The FCC’s Net Neutrality Vote: The Corporate Internet Takeover Begins

As the assault on the internet gathers steam in the era of WikiLeaks following the UN’s Internet Governance Forum,  the non-elected officials at the FCC will determine the fate of the Internet’s velocity behind closed doors.

The FCC's Net Neutrality Vote: The Corporate Internet Takeover Begins

Let’s define Net Neutrality for those who might be confused. Net Neutrality attempts to maintain the level playing field from bloggers to media conglomerates like Viacom. Everyone pays a basic fee for broadband or wireless, and the speed with which content or information is delivered and received is the same for everyone.

The argument against Net Neutrality is that the Internet should reflect a free market philosophy, America’s time-honored economic tradition. If the Internet service providers want to charge more money for the fastest connection speeds, who are we to say that they cannot sell jacked-up prices to those willing to pay?  If a corporation has the resources to pay a premium for the “fast lane” as Senator Al Franken emphasized in a recent Senate speech, the ISP’s like Comcast and Time-Warner believe the market should dictate the terms.

And while the ISP’s have assured the American public that certain sites won’t have their content slowed or blocked, the following scenario is a very real possibility: websites with slim bank accounts could be stuck with extremely slow page loads. Remember MySpace? If you operate a website and you don’t have the deep pockets of CitiBank or NBC, for example, then you’re site could potentially load with the speed of MySpace.

Here’s a potential example of life in a tiered Internet system. Let us say an event occurs on American soil. And let us say that a blogger is there to see with a camera. He or she uploads the footage and writes commentary on the event, but because of their inability to pay for the premium, or perhaps because of their political ideology, their ability to disseminate information is inhibited by a slow page load. And those news services who are able to pay the premium will then effectively have an even greater edge in controlling the shape of information.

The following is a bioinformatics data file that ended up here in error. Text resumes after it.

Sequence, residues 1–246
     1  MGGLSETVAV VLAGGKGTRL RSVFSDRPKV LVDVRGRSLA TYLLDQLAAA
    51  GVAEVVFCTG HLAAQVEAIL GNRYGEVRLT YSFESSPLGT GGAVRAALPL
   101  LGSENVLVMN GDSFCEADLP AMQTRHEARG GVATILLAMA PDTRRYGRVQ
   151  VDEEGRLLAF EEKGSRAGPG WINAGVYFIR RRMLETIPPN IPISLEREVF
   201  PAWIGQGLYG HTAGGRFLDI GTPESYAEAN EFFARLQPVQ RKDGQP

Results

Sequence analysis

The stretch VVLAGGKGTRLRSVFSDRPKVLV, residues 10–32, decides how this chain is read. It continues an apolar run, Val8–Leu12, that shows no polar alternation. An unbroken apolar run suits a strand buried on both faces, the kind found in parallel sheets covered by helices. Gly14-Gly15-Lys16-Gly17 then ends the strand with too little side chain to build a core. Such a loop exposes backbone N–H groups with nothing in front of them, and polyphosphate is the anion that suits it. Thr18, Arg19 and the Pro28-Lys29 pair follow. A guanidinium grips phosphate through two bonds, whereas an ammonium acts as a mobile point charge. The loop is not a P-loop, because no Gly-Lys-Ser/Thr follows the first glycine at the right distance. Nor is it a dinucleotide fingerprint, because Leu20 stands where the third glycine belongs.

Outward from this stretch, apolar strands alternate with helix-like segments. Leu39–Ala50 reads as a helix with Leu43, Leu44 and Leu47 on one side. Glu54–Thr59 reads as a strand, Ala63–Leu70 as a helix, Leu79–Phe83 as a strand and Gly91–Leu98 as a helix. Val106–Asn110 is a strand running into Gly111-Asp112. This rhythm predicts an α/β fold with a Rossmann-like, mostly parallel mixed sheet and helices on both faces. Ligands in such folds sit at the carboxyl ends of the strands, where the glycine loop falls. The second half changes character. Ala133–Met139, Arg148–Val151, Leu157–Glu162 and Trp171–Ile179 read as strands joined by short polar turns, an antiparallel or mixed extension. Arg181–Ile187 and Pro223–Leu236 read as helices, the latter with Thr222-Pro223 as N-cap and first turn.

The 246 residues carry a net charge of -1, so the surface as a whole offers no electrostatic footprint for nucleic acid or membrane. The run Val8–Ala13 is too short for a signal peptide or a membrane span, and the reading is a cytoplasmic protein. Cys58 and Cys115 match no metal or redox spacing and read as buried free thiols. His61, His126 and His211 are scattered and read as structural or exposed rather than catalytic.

As Senator Franken emphasized in his speech:

“We do not want corporations to be able to drown out the voices of smaller, less powerful individuals. Unfortunately, the proposal before the FCC—which I’ll admit I haven’t seen because it’s not been made public—would reportedly allow companies to do just that. It would allow Internet providers to create a fast lane for companies who can afford to pay a premium.  It would allow mobile networks like AT&T and Verizon Wireless to completely block content and applications whenever it suits them, for either political or business reasons. Now let me underscore this: This is the first time that the FCC has ever allowed discrimination on the Internet.”

Franken went on to say, “And if corporations are allowed to prioritize content on the Internet, or they are allowed to block applications you access on your iPhone, there is nothing to prevent those same corporations from censoring political speech.”

But, we won’t know until the FCC’s secret vote on net neutrality is made public. [Update: They voted for net neutrality 3-2, but with many loopholes.] They claim to be representing the public interest on this measure, but we cannot be sure because of the secret negotiations and voting process. And so the question that must be asked is this:  What is a non-elected bureaucracy like the FCC doing making decisions that effect the country and the very nature of the internet?

We don’t elect FCC officials, and yet their debate and voting process remain hidden from the public. According to CNN’s Amy Gahran, Telecom industry analyst Peter Pratt has filed a Freedom of Information Act to gain access to the FCC’s order, but hasn’t received notice yet. We are told that in setting public policy, back room deals are essential to the process, but we all know what is happening in the FCC’s negotiations on net neutrality: lobbying on behalf of AT&T, Comcast and other Internet service providers.

The process should have been opened to the public, but such is the state of American representative democracy these days.  Every single matter that effects Americans lives in this sham republic is decided without our involvement or knowledge.  When you ask for representative democracy instead of direct democracy, when you cede the responsibility to be active in decision-making processes, this is what you get.

Genachowski has been quoted as saying “I’ve been clear repeatedly that we’re not going to regulate the Internet.”

We’ll have to wait and see.

[Image via Gizmodo]